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Alabama makes basketball's “Final Four” for the first time ever. Football revenge for 2019?

Pat Duggins

Clemson reached its second-ever Elite Eight in college men’s basketball with a staunch defense that took away opponents' perimeter game. On Saturday night, the Tigers couldn't get the stops they needed. Alabama advances to the “Final Four” for the first time ever. Tide fans may be more used to playing Clemson in college football, including Alabama’s bruising loss to the Tigers, 44-16, for the national football title in San Jose in 2019.

In its three previous NCAA Tournament games, Clemson held opponents to 35.1% shooting from the field and 18.6% from 3-point range. The Tigers held Alabama in check early, but the Crimson Tide closed the game making 15 of 23 3’s.

Alabama was 16 of 23 from the field in the final 20 minutes — including 10 of 15 on 3-pointers — as the Tigers' bid for their first Final Four fell short, 89-82 in the West Region final.

"I mean, they hit big shots, man. They really spread us out," said forward PJ Hall, who scored 14 points before he fouled out with 3:25 remaining. "We couldn't quite get the misses we needed them to make."

In its three previous NCAA Tournament games, Clemson held opponents to 65 of 185 from the field (35.1%) and 14 of 75 on 3-pointers (18.6%).

Alabama shot 46.8% from the field (29 of 62). The Tigers won all 17 games when they held opponents under 40%, but went 7-12 when they didn't.

Clemson played at its pace during the first 12 minutes. It built a 26-13 lead and held Alabama to 1 of 13 on 3-pointers. Then the Crimson Tide's Jarin Stevenson connected from the corner. Including that shot, Alabama closed the game by going 15 of 23 beyond the arc.

"We knew going into the game that's what they like to do. And they shoot them fast, especially when they're making them. When they're making them and the momentum is going and they're rolling, they get those 3s up fast and it seems like they'll never miss," said Joseph Girard III, who led the Tigers with 19 points.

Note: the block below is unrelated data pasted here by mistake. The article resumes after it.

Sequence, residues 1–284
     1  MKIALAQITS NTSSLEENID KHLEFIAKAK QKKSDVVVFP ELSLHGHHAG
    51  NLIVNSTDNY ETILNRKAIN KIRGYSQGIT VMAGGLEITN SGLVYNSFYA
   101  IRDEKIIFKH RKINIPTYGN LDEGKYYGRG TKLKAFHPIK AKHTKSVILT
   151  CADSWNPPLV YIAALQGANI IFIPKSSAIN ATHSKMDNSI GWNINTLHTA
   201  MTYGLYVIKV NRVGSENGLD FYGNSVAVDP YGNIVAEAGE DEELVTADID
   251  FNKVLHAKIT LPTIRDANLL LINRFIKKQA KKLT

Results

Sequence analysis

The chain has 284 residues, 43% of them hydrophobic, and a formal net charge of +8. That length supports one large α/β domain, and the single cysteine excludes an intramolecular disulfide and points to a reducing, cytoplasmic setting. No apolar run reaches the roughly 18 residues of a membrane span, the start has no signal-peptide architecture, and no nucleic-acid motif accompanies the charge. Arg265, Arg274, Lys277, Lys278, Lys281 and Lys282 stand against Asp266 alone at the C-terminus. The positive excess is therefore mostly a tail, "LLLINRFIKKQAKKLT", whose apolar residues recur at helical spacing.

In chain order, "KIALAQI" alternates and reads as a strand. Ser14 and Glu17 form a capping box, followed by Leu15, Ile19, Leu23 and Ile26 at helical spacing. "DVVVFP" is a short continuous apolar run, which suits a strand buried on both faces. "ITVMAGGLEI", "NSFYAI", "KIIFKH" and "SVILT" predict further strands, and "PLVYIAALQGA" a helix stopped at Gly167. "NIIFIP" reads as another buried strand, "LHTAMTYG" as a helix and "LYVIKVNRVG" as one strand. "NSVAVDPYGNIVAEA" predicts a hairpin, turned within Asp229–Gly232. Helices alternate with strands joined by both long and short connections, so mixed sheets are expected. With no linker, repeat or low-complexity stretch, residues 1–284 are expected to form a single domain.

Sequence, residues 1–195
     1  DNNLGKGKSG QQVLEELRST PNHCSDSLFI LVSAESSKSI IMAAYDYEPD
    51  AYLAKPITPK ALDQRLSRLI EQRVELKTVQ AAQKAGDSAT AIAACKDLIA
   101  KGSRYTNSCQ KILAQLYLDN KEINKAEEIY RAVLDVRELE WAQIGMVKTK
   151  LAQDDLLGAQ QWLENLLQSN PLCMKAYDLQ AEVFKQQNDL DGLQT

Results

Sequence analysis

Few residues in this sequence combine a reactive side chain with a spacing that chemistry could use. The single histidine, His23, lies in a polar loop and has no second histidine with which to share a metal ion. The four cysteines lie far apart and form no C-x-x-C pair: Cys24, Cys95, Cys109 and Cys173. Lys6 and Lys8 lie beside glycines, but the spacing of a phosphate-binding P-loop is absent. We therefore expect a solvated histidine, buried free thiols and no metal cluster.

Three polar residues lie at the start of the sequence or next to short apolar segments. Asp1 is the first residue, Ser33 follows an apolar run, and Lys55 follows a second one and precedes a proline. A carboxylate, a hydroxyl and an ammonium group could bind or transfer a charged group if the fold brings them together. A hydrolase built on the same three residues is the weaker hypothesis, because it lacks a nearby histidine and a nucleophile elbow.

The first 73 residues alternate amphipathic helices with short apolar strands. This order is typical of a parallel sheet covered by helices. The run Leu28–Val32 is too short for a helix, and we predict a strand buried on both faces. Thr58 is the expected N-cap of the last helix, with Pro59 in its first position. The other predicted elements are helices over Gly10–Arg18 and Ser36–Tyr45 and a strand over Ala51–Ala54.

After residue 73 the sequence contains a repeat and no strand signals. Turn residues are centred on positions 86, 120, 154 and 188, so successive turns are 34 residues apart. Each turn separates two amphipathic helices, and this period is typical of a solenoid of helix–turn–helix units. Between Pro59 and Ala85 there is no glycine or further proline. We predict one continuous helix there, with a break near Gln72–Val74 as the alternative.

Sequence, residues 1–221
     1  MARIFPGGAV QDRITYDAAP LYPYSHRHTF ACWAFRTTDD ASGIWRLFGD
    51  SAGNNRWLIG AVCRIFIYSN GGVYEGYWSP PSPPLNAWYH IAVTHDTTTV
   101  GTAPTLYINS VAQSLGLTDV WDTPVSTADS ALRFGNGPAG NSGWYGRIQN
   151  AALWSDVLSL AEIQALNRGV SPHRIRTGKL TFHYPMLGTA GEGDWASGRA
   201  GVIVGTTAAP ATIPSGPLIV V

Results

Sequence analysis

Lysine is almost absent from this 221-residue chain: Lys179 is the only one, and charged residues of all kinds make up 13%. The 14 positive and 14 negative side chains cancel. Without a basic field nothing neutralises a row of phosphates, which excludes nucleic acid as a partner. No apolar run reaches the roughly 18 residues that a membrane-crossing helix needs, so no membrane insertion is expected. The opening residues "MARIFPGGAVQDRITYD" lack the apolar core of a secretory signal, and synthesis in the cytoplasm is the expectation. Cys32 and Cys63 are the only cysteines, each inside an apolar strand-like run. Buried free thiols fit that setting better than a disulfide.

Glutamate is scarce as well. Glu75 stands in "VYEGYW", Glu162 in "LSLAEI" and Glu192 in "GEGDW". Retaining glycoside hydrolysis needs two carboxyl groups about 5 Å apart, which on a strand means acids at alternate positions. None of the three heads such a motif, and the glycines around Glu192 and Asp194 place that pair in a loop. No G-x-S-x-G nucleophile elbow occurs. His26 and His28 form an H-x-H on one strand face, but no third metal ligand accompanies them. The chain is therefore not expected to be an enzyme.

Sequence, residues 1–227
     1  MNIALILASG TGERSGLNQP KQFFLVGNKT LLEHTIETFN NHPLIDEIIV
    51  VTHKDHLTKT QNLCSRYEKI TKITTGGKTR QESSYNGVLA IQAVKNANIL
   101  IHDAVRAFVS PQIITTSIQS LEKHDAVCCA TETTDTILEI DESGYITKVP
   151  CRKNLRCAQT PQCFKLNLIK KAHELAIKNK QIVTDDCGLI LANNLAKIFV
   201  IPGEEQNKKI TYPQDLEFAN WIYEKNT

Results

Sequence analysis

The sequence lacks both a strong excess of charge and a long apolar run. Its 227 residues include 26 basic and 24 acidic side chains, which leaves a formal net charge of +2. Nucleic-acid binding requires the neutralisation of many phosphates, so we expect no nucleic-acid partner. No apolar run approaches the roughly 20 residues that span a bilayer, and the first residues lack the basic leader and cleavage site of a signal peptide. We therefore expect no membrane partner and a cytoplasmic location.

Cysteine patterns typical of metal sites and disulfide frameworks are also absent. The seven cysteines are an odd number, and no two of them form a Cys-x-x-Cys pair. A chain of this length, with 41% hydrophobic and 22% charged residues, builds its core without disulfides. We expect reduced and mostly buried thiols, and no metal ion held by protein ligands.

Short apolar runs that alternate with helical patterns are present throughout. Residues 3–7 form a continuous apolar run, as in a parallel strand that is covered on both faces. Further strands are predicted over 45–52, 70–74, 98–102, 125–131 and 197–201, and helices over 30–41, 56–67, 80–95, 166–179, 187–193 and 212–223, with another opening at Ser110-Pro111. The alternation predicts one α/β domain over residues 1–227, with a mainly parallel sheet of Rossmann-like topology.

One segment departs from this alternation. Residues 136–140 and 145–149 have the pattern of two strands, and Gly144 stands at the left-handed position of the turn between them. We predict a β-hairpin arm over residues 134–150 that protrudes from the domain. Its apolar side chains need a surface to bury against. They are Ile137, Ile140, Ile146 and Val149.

Tigers coach Brad Brownell said Alabama was quicker in transition in the second half, which thwarted a couple of Clemson runs.

One of those came early in the second half. Girard made a pullup jumper to get the Tigers within 52-49, but the Tide quickly pushed the ball down the court and Stevenson hit another 3.

"We're big. We're physical. We're tough. We're smart. But we're not very fast. In the second half it was a problem for us," Brownell said. "We couldn't keep them in front of us. When they start making 3s, you start inching out in space. And even them shooting before we could get down and get our zone set a couple times, there's not many teams that play that way."

The Tigers finished 24-12 and will lose four starters. Hall and Chase Hunter were part of a group that made the NCAA Tournament twice and got the program to the Elite Eight for the first time since 1980.

"It's stacked up a quiet resume that has helped build the program up," Hall said. "We can attribute that to the coaching staff and the culture they've built. We came into a situation where it was a doubted culture, even though they had such a great thing building up. And to come in here, validate what they've done, validate the work they do, is special. And it's amazing."

Pat Duggins is news director for Alabama Public Radio.
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